Fintech for Financial Inclusion? Trusted Nonprofit Partnerships Are Key.
Financial technology—or fintech—is all around us. We see push notifications from banks on our phones, new apps for managing expenses and news articles about how data privacy features could impact our money. And encouragingly, we’re hearing more and more fintech leaders – from PayPal CEO Dan Schulman to dozens of start-up founders – articulate a business case for focusing their companies’ efforts on the financial well-being of low- and moderate-income (LMI) consumers. Yet there’s still an uphill climb to build awareness, adoption and continued engagement with these consumers. Our new brief combines research with consumer interviews to identify those challenges and offer solutions.
At Prosperity Now, our human insights work, paired with our deep relationships with nonprofit service providers, is generating important new learning about these big questions. As you can imagine, the answers are nuanced, complex and reveal that we still have more to learn about how consumers leverage technology to manage their financial lives. The good news: We see opportunities to use fintech for positive impact – and a clear emerging theme of the role of trusted community institutions as channels to reach and engage LMI consumers with fintech products.
In a recent brief, Consumer Perspectives on Fintech, we summarized some common themes we’re hearing from LMI consumers. Two insights stand out: First, consumers want technology solutions that facilitate transactions and make them easy to track. This may confirm that consumers find it easier to see the benefit of a fintech product when there is a singular, direct purpose. Second, we heard skepticism about fintech products—data and privacy concerns, which product to trust, etc. But we also heard that messages from trusted sources—like a local nonprofit, employer, or financial institution—helps ease those concerns (check out the full brief for more).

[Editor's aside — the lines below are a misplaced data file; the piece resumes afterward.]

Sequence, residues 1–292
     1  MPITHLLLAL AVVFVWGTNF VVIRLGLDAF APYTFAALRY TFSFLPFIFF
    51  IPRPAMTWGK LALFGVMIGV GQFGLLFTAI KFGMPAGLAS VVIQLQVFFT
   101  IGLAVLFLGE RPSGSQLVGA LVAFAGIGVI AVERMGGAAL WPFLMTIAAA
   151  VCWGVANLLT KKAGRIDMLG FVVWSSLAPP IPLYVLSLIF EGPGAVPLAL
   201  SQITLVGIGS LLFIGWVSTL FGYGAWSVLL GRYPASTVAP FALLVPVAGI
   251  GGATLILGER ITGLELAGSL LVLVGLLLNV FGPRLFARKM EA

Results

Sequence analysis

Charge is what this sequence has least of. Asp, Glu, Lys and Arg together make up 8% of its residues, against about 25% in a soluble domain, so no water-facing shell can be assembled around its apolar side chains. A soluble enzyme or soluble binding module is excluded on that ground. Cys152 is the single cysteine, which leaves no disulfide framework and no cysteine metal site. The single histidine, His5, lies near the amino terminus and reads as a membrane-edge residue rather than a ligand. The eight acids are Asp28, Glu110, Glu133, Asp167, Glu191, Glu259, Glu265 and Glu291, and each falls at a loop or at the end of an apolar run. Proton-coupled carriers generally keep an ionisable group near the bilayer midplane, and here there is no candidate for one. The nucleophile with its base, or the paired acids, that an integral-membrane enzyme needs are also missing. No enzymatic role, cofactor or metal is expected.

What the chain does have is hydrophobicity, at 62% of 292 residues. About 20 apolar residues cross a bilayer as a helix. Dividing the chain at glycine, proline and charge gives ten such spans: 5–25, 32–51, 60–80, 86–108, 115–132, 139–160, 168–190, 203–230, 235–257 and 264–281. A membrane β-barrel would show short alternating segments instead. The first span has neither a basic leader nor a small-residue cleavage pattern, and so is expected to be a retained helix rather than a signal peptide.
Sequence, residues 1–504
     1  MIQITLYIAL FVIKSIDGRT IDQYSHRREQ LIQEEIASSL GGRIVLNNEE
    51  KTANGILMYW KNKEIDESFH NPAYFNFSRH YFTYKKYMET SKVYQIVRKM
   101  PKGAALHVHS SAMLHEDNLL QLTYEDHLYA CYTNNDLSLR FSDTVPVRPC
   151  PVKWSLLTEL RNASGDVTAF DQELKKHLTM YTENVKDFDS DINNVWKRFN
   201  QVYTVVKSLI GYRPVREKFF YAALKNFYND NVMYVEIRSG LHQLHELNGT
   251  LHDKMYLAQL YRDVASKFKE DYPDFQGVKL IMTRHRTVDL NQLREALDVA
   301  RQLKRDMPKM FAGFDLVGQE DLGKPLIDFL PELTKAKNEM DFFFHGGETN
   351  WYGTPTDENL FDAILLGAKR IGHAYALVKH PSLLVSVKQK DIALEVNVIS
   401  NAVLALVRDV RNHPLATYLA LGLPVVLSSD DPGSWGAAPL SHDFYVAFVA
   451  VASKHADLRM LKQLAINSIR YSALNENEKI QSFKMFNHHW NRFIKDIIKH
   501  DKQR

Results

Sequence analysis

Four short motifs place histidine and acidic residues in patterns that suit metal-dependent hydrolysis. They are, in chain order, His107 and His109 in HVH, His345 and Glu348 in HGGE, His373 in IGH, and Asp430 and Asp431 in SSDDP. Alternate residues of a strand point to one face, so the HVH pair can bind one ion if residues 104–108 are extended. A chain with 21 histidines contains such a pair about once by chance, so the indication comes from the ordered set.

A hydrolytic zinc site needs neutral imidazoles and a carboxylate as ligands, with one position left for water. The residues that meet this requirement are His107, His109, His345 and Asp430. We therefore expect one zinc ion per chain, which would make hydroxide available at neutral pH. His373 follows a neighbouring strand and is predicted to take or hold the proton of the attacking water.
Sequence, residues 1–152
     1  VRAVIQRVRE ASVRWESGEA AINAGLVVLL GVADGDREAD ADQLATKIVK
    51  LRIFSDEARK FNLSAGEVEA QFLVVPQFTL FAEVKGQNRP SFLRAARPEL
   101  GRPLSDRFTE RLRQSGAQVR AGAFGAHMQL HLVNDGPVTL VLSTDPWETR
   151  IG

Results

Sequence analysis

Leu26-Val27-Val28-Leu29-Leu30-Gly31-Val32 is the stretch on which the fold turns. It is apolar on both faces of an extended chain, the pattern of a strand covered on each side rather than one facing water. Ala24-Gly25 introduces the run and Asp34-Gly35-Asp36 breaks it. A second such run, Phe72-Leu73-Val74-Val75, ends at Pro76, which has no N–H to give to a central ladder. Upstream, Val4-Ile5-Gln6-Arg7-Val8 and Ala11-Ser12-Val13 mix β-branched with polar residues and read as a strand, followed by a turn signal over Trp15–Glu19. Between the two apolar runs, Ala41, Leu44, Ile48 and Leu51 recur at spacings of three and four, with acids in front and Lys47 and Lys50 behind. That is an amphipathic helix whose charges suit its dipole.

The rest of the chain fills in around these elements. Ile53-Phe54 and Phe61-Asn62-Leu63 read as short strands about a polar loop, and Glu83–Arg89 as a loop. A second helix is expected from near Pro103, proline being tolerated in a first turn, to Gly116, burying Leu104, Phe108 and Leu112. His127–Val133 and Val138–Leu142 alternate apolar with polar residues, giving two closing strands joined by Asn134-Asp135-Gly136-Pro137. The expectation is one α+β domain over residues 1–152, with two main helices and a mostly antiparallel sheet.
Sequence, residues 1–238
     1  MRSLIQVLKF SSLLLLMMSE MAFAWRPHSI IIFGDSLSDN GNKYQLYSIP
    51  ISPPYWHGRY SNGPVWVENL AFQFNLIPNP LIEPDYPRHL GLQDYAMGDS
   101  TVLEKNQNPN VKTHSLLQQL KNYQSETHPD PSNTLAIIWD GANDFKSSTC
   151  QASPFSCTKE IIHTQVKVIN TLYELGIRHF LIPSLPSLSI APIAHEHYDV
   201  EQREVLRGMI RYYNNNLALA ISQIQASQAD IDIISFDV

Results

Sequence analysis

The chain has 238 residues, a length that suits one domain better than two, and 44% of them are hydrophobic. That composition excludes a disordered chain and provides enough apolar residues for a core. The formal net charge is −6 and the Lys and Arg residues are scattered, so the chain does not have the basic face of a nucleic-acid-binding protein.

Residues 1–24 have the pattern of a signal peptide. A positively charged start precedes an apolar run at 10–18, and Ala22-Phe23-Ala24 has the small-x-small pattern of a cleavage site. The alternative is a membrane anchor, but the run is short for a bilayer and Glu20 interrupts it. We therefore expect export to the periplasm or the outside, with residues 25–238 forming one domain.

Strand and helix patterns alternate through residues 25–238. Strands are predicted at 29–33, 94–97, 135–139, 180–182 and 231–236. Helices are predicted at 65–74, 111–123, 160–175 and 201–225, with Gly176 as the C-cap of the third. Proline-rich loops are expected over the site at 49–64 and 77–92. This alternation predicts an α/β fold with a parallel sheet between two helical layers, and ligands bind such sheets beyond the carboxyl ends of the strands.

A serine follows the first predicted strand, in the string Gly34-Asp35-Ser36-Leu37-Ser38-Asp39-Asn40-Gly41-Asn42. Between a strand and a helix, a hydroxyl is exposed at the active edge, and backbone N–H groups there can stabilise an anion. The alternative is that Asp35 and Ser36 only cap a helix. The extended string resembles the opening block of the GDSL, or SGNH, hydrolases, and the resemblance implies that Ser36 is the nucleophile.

For fintech developers, this means products need to have a clear definition of their target customer and prime purpose. It also means there’s a second customer in the mix to consider in product design: institutions that already have trusted relationships with LMI consumers.
To understand how fintech companies can build better partnerships with nonprofits, Prosperity Now and the Center for Financial Services Innovation (CFSI) surveyed nonprofit members of the Prosperity Now Community about their perspectives on fintech for LMI consumers. The 100 responses revealed two important takeaways: 1) nonprofits are overwhelmingly interested in learning more about fintech, but don’t yet know enough to move forward, and 2) nonprofits are concerned about privacy and potentially harmful products.
If fintech providers want to build “on-ramp” partnerships with nonprofits, the path is clear—they must build awareness and trust among organizations that serve their product’s target population. Sixty-one percent of survey respondents want to partner with a fintech provider or offer a fintech product to clients – but 52% of these say they haven’t identified the right fintech tool for their clients, and 39% say they lack familiarity and knowledge of fintech. Additionally, more than half of those surveyed echo their clients’ skepticism about security and privacy of fintech products.
These nonprofit professionals clearly understand their responsibility to safeguard the trust of their LMI clients. As one respondent shared, “We want to find a fintech solution that doesn't harm our participants in any way.” They know it’s up to them to ask questions like: “Who's really behind it—their motivation—and will they be around in a year or two?”
We look forward to seeing more fintech providers identifying partnerships with institutions—especially nonprofit institutions—as part of their strategy to build strong financial well-being in LMI communities.